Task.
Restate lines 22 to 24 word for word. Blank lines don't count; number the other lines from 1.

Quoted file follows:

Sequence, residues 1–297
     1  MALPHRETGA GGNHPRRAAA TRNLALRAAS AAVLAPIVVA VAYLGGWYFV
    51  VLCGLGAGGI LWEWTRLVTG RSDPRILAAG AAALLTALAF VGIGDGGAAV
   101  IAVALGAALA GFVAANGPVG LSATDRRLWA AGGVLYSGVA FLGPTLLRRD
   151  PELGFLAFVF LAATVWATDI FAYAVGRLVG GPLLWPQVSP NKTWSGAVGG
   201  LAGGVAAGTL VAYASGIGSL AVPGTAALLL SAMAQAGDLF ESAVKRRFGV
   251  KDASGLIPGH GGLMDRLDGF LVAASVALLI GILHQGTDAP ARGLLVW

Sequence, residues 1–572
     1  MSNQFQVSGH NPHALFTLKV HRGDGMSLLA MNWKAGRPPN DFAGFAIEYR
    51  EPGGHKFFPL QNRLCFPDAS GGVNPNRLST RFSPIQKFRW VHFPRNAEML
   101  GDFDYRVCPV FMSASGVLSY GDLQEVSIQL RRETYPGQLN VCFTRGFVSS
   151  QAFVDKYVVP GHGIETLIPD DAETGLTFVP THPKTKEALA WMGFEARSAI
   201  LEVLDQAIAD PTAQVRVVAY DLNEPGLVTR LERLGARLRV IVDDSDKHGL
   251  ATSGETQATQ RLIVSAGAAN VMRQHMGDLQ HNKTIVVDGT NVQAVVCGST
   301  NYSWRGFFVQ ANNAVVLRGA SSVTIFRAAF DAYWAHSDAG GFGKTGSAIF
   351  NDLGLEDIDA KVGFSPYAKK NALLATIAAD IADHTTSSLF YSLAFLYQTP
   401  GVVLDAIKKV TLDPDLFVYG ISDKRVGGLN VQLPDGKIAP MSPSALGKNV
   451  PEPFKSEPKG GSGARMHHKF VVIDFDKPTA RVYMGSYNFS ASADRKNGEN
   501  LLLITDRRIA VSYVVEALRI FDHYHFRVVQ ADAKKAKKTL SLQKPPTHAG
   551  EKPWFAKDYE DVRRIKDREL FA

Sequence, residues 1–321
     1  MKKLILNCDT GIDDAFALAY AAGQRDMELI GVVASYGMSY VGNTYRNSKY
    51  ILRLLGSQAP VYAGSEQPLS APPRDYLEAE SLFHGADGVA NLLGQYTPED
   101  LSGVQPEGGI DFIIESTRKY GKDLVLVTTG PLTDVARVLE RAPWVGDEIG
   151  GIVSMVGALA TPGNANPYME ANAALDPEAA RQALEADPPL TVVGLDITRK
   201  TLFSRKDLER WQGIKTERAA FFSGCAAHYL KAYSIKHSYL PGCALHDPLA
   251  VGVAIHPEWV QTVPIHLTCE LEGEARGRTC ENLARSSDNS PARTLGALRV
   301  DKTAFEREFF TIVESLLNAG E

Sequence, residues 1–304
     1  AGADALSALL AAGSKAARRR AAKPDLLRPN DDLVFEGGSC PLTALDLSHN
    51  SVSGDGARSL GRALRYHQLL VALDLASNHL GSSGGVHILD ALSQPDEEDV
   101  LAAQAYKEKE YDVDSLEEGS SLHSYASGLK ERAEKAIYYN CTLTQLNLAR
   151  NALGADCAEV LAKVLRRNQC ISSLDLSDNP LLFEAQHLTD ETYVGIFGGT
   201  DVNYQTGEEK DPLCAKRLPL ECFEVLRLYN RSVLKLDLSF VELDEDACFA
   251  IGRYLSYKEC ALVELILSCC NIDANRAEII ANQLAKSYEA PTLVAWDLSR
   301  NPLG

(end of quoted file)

     1  MKKLILNCDT GIDDAFALAY AAGQRDMELI GVVASYGMSY VGNTYRNSKY
    51  ILRLLGSQAP VYAGSEQPLS APPRDYLEAE SLFHGADGVA NLLGQYTPED
   101  LSGVQPEGGI DFIIESTRKY GKDLVLVTTG PLTDVARVLE RAPWVGDEIG